This article by Joe D'Angelo and Jem Aswad published on provides more background about the performance at the Pyramid Club and the "In Bloom" video:

According to Michael Azerrad's "Come As You Are," the definitive Nirvana tome, the show was far from the band's best: One of the few who refrained from heckling was Iggy Pop, who cheered encouragingly. After the show, bassist Krist Novoselic was so disappointed with the performance that he shaved his head bald in the Jersey City, New Jersey, motel where the band was staying. This explains why, in the video, he's seen with hair in some scenes and resembles Kojak in others.

Sonic Youth's Thurston Moore and Kim Gordon stitched in the story's silver lining by bringing A&R man Gary Gersh to the show. Not long after, Gersh signed the band to Geffen Records, the company that released Nirvana's breakthrough, Nevermind, in 1991, after Moore convinced Kurt Cobain that signing to a major label wasn't selling out. The video, however, offers no indication that the band was on the verge of a bad night.

Friday, June 13, 2008

For the weekend: Seven songs

Alex at Flaming Pablum passed along this music meme to, uh, me. Here's the deal:

"List seven songs you are into right now. No matter what the genre, whether they have words, or even if they're not any good, but they must be songs you're really enjoying now, shaping your spring. Post these instructions in your blog along with your 7 songs. Then tag 7 other people to see what they're listening to."

My list seemed fitting to include here. For starters, I just entertained my 21-year-old nephew for a few days here. He's really into Britpop now, and wanted to know more about great New York bands. Of course, I quickly got out the album that started it all here: Vampire Weekend!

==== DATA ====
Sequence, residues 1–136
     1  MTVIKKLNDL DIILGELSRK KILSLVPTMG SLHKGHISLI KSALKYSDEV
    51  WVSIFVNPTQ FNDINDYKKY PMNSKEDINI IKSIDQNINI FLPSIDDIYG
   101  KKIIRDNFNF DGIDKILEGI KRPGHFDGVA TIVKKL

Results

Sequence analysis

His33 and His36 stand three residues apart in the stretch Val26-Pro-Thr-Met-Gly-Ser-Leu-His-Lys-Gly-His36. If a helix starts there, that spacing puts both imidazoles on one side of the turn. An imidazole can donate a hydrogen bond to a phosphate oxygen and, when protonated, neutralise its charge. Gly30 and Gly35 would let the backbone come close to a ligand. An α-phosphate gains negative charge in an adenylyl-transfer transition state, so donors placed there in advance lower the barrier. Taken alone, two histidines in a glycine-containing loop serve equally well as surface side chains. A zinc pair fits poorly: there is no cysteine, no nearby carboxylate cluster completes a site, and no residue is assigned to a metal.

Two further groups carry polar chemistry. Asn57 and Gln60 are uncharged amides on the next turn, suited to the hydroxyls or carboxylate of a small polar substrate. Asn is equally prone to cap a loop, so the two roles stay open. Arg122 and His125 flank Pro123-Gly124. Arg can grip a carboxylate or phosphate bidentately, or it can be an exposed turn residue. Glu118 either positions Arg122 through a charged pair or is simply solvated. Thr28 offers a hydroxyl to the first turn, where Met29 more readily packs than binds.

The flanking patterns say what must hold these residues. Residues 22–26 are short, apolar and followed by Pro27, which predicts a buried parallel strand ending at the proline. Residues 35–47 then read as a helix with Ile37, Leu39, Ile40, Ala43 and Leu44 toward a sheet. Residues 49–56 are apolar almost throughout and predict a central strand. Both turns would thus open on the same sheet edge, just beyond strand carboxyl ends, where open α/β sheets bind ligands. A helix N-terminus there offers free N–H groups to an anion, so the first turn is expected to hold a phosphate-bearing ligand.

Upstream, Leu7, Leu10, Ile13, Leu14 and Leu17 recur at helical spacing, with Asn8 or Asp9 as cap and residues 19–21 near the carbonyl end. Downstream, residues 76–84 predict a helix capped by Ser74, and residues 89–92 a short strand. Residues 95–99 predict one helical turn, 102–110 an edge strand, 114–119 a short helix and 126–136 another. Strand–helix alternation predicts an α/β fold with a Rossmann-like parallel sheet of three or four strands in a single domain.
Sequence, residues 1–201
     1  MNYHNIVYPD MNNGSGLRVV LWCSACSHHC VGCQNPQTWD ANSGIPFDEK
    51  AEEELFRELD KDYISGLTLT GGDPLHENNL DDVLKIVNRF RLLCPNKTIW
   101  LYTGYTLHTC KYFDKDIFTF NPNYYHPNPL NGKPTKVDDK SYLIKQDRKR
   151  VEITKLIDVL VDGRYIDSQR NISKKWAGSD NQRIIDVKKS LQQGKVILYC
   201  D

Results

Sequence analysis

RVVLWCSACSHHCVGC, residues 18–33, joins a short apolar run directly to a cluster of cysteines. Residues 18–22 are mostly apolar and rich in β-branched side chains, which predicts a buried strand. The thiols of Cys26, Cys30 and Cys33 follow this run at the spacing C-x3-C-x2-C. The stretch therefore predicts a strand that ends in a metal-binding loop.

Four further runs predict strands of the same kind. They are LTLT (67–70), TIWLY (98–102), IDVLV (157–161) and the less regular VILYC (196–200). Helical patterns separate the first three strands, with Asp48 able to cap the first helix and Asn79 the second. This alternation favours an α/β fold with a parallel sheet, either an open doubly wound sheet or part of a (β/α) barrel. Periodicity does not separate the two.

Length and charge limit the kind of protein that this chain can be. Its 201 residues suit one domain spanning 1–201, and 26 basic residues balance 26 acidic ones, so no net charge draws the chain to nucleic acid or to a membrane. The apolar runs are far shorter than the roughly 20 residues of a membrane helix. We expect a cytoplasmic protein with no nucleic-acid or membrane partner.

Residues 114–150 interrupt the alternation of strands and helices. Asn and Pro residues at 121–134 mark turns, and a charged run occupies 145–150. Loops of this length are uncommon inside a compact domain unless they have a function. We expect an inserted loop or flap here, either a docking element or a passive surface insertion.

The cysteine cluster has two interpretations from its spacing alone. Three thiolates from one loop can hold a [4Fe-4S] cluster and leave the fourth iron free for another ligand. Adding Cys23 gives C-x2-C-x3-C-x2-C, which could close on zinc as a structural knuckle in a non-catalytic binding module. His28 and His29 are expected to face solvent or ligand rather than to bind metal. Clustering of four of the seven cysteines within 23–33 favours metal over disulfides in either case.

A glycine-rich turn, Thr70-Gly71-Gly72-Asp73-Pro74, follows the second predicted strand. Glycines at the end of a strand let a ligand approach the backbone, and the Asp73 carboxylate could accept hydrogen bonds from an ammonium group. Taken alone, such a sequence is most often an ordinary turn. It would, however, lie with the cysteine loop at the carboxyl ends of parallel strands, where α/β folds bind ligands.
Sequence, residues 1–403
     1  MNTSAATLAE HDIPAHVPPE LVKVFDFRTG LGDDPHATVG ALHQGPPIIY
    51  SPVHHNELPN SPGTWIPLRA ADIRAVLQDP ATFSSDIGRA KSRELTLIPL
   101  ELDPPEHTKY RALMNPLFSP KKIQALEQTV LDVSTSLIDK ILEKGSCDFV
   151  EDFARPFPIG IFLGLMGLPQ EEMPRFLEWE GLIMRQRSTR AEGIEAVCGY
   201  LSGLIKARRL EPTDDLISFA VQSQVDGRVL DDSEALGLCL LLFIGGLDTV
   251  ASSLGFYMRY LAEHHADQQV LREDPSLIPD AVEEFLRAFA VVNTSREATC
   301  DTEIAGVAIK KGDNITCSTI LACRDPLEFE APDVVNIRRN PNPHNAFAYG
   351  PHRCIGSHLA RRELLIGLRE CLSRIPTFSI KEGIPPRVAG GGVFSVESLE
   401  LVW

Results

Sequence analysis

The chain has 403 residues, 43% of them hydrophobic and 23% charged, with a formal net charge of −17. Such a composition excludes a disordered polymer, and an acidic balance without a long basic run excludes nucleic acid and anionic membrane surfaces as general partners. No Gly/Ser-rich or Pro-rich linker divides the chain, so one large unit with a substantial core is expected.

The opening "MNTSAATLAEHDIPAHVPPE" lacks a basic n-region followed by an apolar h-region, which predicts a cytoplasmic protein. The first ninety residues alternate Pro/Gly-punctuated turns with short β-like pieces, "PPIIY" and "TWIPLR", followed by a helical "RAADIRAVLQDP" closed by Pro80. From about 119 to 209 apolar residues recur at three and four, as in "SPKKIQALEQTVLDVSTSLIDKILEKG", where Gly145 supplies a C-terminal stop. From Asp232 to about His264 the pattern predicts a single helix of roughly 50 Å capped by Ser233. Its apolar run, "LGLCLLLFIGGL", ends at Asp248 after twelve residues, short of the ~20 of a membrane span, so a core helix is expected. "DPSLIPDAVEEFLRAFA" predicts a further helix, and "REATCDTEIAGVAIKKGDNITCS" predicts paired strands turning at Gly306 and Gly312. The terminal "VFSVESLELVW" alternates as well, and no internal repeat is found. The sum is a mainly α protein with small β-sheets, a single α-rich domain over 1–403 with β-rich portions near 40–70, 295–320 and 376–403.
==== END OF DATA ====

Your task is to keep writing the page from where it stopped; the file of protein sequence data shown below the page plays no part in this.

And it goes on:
[Ducking beer bottles being thrown my way...]

For real though, I went about trying to give him a variety of New York bands. Yes, some are obvious. But it's a good place to start with a 21-year-old whose mother's favorite band is the Monkees.

In any event, since we played these songs the other day, I've continued to listen to them -- making these my favorite songs right now. (Ask me tomorrow, and...)

Lou Reed, Coney Island Baby

New York Dolls, Trash

James Chance and the Contortions, I Can't Stand Myself

Sonic Youth, Teenage Riot

Unsane, Body Bomb

Pussy Galore, Dick Johnson

Sugar Hill Gang, Apache

[Cheating] Bonus, for the summer season:
The Ramones, Surfin' Bird

Now for my seven tags...I don't have that many friends...this may take some effort!

Believe Me


Monday, June 2, 2008

On this day in 1981

On June 2, 1981, the Clash were on show No. 5 of the 17 concerts they eventually played at Bond's International Casino in Times Square -- 1530 Broadway, between 44th and 45th. (A few nitpickers have mentioned that Bonds often went without the apostrophe. Noted!) Bad Brains and the Slits opened show No. 5.

Here's the set list from the June 2 show:

London Calling
Safe European Home
The Leader
Somebody Got Murdered
White Man In Ham Palais
The Guns Of Brixton
This Is Radio Clash
The Call Up
Complete Control
Junco Partner
Lightning Strikes
Ivan Meets GI Joe
Charlie Don't Surf
The Magnificent Seven
Wrong 'Em Boyo
Train In Vain
Career Opportunities
One More Time
Brand New Cadillac
Washington Bullets
Janie Jones
Police and Thieves
Armagideon Time
New Yorks Burning

For pretty much everything you'd ever want to know about the show (and everything related to the Clash), go here.

A little background on all this for people who may to new to this, via Wikipedia:

The site of the concerts was formerly Bonds department store which had been converted into a large second-floor hall. Promoters kept the name because there was a large Bonds sign on the outside of the building. As The Clash had not yet broken out into mass popularity, eight shows were originally scheduled: May 28, 29, 30, 31 and June 1,2, 3, and 5, 1981. However, given the venue's legal capacity limit of 3,500, the series was blatantly oversold right from the first night, leading fire marshals for the New York Fire Department to cancel the Saturday, May 30 performance. In response, the band condemned the brazen greed of the promoters while demonstrating unprecedented integrity to each and every ticketholder by doubling the original booking with a total of 17 dates extending through June.

Meanwhile, here's how Channel 7 covered the event:

The next year, the band was back in town promoting Clash On Broadway...and look who Sue Simmons had on at "Live at 5":

For more info on the shows here and here.